4 states sharing data to help Trump administration determine citizenship status: report

4 states sharing data to help Trump administration determine citizenship status: report
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Four states have reportedly signed agreements with the Trump administration and will provide the U.S. Census Bureau with information from state driver's license rolls in an effort to help the federal government accurately count who's a citizen.

NPR reported that South Dakota, Nebraska, Iowa and South Carolina have all signed agreements with the federal government in recent months to provide varying amounts of information from state databases to the Trump administration.

The shared data will not directly include citizenship information, NPR reported, but will include other identifying information such as names, dates of birth, height and eye color that federal authorities plan to cross-reference with other databases in order to determine the citizenship of individuals.

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At least one state's agreement, South Dakota's, specifically forbids federal authorities from using the data for "administrative enforcement." Other states, including Pennsylvania, reportedly denied the government's request entirely, citing state law.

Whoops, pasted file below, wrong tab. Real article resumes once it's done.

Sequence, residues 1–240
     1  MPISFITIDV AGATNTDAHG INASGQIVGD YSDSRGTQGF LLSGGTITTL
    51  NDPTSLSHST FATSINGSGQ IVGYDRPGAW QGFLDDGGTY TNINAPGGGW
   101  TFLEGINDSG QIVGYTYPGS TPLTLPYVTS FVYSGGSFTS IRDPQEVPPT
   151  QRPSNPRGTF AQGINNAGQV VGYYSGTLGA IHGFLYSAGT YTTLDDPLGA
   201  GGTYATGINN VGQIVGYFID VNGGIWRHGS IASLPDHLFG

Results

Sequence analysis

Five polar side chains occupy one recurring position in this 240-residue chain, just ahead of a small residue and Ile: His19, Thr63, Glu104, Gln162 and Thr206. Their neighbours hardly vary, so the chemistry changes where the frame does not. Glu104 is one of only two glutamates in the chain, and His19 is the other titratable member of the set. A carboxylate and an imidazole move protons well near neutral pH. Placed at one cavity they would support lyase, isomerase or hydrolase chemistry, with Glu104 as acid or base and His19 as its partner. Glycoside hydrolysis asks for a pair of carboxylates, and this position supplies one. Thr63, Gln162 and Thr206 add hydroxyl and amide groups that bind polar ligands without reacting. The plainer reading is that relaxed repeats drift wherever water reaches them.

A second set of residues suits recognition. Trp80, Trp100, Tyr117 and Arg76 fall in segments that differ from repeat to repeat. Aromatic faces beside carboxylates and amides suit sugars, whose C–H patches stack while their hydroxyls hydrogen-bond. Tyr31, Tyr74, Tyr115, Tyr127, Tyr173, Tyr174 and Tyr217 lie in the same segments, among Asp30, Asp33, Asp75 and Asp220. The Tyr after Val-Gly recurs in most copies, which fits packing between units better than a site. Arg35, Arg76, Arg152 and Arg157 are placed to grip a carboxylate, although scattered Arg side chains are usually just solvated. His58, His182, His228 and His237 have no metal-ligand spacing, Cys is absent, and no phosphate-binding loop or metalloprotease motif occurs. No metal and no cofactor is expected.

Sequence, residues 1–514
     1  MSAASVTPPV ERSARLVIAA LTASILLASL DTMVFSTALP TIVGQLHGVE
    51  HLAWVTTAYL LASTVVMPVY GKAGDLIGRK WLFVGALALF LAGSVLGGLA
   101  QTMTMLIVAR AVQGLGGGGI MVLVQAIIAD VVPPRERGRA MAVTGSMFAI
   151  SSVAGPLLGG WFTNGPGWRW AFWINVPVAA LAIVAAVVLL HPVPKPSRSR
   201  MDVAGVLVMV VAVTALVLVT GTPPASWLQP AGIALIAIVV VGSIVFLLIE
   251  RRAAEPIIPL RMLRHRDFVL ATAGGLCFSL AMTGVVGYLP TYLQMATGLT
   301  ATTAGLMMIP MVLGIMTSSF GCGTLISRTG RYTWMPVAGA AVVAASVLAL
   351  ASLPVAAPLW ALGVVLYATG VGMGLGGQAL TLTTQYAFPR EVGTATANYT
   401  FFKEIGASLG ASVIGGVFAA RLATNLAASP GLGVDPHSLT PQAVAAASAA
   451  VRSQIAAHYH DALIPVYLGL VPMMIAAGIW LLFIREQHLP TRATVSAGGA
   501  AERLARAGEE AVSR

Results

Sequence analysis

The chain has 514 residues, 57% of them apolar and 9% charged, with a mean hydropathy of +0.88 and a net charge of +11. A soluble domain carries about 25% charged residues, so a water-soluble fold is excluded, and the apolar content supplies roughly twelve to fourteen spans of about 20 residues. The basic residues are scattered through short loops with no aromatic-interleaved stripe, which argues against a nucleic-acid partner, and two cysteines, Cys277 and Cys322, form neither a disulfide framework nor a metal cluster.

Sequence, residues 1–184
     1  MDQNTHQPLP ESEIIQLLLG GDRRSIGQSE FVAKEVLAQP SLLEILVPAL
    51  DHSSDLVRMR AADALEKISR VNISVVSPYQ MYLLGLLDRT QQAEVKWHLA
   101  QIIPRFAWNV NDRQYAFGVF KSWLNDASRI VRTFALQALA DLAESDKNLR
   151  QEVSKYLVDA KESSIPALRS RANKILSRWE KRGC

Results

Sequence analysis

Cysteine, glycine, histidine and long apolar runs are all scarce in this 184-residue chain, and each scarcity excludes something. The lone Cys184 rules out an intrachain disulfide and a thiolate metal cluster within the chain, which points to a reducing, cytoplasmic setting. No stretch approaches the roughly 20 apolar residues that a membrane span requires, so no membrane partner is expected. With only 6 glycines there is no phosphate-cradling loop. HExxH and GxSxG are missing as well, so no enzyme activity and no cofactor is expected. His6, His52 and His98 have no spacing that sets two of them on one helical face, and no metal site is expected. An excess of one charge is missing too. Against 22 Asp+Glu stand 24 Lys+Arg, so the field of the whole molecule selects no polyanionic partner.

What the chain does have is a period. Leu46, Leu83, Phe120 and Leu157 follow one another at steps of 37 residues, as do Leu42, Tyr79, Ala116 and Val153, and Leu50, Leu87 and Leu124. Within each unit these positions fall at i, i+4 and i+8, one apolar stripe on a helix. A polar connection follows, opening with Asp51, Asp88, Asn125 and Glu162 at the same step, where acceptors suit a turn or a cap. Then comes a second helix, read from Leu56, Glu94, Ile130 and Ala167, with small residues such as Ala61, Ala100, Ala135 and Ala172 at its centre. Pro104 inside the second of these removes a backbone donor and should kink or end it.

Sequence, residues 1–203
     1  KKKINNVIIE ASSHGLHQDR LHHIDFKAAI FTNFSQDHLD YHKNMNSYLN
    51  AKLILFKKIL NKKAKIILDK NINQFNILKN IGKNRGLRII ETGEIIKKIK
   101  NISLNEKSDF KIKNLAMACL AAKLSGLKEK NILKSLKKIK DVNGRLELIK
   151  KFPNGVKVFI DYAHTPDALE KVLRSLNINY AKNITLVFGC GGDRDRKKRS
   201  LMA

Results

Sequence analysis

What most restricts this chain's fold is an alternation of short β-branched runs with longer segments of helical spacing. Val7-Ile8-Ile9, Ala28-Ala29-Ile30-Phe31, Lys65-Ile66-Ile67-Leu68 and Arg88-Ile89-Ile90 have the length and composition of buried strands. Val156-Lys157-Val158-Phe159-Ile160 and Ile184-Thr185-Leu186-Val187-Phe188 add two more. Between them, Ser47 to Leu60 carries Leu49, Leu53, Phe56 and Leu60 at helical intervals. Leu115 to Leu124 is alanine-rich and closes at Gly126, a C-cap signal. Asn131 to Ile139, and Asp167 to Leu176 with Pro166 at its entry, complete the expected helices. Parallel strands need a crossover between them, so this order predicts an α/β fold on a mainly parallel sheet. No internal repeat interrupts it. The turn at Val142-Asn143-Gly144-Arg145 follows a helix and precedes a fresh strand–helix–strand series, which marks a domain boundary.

"All data that the state program agency agrees to provide the Census Bureau remains confidential," reads the agreement with South Dakota, which goes on to state that data can be used for "statistical purposes and not for program or administrative enforcement."

None of the data will make its way into the hands of law enforcement, per census officials; however, the Census Bureau plans to release data to states on numbers of citizens and noncitizens living in the U.S. in 2021. States will then be able to draw district lines based on more accurate counts of eligible voters in an area.

The efforts by the Trump administration to provide states with an accurate count of citizens and undocumented immigrants comes following Commerce Secretary Wilbur RossWilbur Louis RossBipartisan senators ask congressional leadership to extend census deadline NOAA hurricane forecast predicts record number of storms in 2020 33K laptops meant for Alabama distance learning are stuck in customs, could be held until October MORE's failed bid to add a citizenship question to the 2020 census.

At the time, President TrumpDonald John TrumpUSPS warns Pennsylvania mail-in ballots may not be delivered in time to be counted Michael Cohen book accuses Trump of corruption, fraud Trump requests mail-in ballot for Florida congressional primary MORE declared that his administration was "not backing down on our effort to determine the citizenship status of the United States population." 

Updated at 7:40 p.m. to correctly note that data is not shared with law enforcement.